GCSE Maths Number FDP Fractions

Ordering Fractions

# Ordering‌ ‌Fractions‌

Here we will learn about ordering fractions.
There are also ordering fractions worksheets based on Edexcel, AQA and OCR exam questions, along with further guidance on where to go next if you’re still stuck.

## What is ordering fractions?

Ordering fractions is where we rearrange a set of fractions so that the smallest is at the start, followed by the next smallest and so on. This is called ascending order.

To do this we rewrite the fractions so that they have the same denominators which we can then compare.

We can order any type of fraction including proper fractions, improper fractions and mixed numbers.

E.g.

Write these fractions in ascending order:

In ascending order:

### What is ordering fractions? ## How to order fractions

In order to put fractions in ascending order:

1. Write all the fractions so that they have a common denominator
2. Find the smallest fraction by comparing the numerators and order the fractions
3. Rewrite the numbers as they appear in the question in size order

### Explain how to put fractions in ascending order in 3 steps ## Ordering fractions examples

### Example 1: ordering proper fractions

Write the following fractions in order of size:

$\frac{3}{4} \quad \quad \frac{1}{2} \quad \quad \frac{5}{6} \quad \quad \frac{7}{12}$

1. Write all the fractions so that they have a common denominator

The fractions have different denominators.
The denominators of the fractions are 2, 4, 6 and 12. 2, 4 and 6 go into 12.
The lowest common multiple is 12, so we can convert the fractions so they have a common denominator of 12.

$\frac{3\times3}{4\times3}=\frac{9}{12}$

$\frac{1\times6}{2\times6}=\frac{6}{12}$

$\frac{5\times2}{6\times2}=\frac{10}{12}$

2Find the smallest fraction by comparing the numerators and order the fractions

Here are the fractions with their common denominator of 12

$\frac{9}{12} \quad \quad \frac{6}{12} \quad \quad \frac{10}{12} \quad \quad \frac{7}{12}$

Writing them in size order would give

$\frac{6}{12} \quad \quad \frac{7}{12} \quad \quad \frac{9}{12} \quad \quad \frac{10}{12}$

3Rewrite the numbers as they appear in the question in size order

$\frac{6}{12} \quad \quad \frac{7}{12} \quad \quad \frac{9}{12} \quad \quad \frac{10}{12}$

$\frac{1}{2} \quad \quad \;\; \frac{7}{12} \quad \quad \;\frac{3}{4} \quad \quad \; \frac{5}{6}$

### Example 2: ordering proper fractions

Write the following fractions in order of size:

$\frac{11}{30} \quad \quad \frac{4}{15} \quad \quad \frac{2}{5} \quad \quad \frac{1}{3}$

The fractions have different denominators.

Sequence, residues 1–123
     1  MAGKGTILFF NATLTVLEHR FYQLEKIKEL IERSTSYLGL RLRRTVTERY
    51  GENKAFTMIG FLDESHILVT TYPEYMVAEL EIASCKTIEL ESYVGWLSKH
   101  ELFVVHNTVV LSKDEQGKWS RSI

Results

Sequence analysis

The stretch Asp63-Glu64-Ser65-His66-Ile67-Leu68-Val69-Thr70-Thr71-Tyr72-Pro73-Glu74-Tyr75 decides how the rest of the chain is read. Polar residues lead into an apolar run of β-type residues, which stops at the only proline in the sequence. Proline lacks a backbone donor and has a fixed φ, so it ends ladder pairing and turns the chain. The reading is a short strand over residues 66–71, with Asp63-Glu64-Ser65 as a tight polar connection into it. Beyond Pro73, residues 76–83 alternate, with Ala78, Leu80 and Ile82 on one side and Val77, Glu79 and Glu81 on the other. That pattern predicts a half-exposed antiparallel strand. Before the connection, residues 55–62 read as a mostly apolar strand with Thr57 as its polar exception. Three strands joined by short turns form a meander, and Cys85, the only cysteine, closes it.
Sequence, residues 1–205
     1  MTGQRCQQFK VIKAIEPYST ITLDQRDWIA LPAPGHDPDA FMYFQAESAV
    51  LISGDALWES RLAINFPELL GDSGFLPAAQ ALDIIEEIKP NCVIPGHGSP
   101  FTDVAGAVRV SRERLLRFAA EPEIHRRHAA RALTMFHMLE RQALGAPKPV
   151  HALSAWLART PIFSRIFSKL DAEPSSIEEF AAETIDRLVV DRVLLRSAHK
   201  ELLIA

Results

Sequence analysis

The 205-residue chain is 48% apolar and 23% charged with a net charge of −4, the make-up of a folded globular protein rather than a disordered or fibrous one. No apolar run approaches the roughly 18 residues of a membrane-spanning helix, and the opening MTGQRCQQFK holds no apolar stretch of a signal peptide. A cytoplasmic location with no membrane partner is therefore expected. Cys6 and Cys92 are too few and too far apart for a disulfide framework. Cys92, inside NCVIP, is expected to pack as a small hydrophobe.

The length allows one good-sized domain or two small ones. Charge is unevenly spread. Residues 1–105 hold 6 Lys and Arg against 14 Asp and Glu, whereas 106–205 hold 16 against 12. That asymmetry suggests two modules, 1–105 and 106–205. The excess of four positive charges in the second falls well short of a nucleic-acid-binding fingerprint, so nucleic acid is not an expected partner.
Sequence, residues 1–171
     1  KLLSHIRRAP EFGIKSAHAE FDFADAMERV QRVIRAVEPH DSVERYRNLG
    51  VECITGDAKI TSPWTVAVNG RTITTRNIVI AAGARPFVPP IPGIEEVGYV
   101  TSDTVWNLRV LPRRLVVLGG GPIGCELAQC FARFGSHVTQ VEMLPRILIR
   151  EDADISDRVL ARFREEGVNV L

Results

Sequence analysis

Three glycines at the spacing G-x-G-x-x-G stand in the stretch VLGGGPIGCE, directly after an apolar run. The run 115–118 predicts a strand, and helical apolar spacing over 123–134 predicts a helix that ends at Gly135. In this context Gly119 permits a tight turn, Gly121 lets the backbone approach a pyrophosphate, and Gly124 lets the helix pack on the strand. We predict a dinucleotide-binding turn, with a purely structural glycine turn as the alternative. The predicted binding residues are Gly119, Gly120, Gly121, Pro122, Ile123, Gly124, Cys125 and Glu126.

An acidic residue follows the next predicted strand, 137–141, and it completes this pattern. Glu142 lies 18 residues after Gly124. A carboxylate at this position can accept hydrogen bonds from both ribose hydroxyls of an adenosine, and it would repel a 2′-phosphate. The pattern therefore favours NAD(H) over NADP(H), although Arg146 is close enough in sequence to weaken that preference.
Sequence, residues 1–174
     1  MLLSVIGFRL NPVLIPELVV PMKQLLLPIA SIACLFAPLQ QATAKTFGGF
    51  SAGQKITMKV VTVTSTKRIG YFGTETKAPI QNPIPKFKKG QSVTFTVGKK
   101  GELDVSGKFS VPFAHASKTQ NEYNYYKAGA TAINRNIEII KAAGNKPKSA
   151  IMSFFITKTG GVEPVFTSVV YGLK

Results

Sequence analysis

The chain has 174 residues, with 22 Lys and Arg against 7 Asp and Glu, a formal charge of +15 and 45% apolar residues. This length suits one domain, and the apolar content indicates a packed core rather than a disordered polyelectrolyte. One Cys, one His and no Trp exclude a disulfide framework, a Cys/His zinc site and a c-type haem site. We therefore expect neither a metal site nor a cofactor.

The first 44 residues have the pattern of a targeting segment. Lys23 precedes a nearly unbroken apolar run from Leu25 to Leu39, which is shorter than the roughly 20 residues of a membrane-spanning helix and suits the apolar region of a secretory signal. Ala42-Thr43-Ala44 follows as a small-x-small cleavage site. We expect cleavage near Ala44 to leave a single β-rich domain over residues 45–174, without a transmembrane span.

The denominators of the fractions are 3, 5, 15 and 30.  3, 5 and 15 go into 30
The lowest common multiple is 30, so we can convert the fractions so they have a common denominator of 30.

$\frac{4\times2}{15\times2}=\frac{8}{30}$

$\frac{2\times6}{5\times6}=\frac{12}{30}$

$\frac{1\times10}{3\times10}=\frac{10}{30}$

Here are the fractions with their common denominator of 30

$\frac{11}{30} \quad \quad \frac{8}{30} \quad \quad \frac{12}{30} \quad \quad \frac{10}{30}$

Writing them in size order would give

$\frac{8}{30} \quad \quad \frac{10}{30} \quad \quad \frac{11}{30} \quad \quad \frac{12}{30}$

$\frac{8}{30} \quad \quad \frac{10}{30} \quad \quad \frac{11}{30} \quad \quad \frac{12}{30}$

$\frac{4}{15} \quad \quad \;\frac{1}{3} \quad \quad \;\frac{11}{30} \quad \quad \;\frac{2}{5}$

### Example 3: ordering improper fractions and mixed numbers

Write the following fractions in order of size:

$\frac{7}{4} \quad \quad 1\frac{1}{2} \quad \quad 1\frac{2}{3} \quad \quad \frac{29}{24}$

We can either write all the fractions as improper fractions or as mixed numbers. It is simpler to write them as mixed numbers and concentrate on the fractional part of the mixed number.

$\frac{29}{24}=1\frac{5}{24} \quad \quad \quad \frac{7}{4}=1\frac{3}{4}$

The fractions have different denominators.
The denominators of the fractions are 2, 3, 4 and 24. 2, 3 and 4 go into 24
The lowest common multiple is 24, so we can convert the fractions so they have a common denominator of 24.

$1\frac{3\times6}{4\times6}=1\frac{18}{24}$

$1\frac{1\times12}{2\times12}=1\frac{12}{24}$

$1\frac{2\times8}{3\times8}=1\frac{16}{24}$

Here are the fractions with their common denominator of 24

$1\frac{18}{24} \quad \quad 1\frac{12}{24} \quad \quad 1\frac{16}{24} \quad \quad 1\frac{5}{24}$

Writing them in size order would give

$1\frac{5}{24} \quad \quad 1\frac{12}{24} \quad \quad 1\frac{16}{24} \quad \quad 1\frac{18}{24}$

$1\frac{5}{24} \quad \quad 1\frac{12}{24} \quad \quad 1\frac{16}{24} \quad \quad 1\frac{18}{24}$

$\frac{29}{24} \quad \quad \;\;1\frac{1}{2} \quad \quad \;\;\; 1\frac{2}{3} \quad \quad \;\; \frac{7}{4}$

### Example 4: ordering improper fractions and mixed numbers

Write the following fractions in order of size:

$\frac{12}{5} \quad \quad 2\frac{3}{10} \quad \quad 2\frac{7}{20} \quad \quad \frac{9}{4}$

We can either write all the fractions as improper fractions or as mixed numbers. It is simpler to write them as mixed numbers and concentrate on the fractional part of the mixed number.

$\frac{12}{5}=2\frac{2}{5} \quad \quad \quad \frac{9}{4}=2\frac{1}{4}$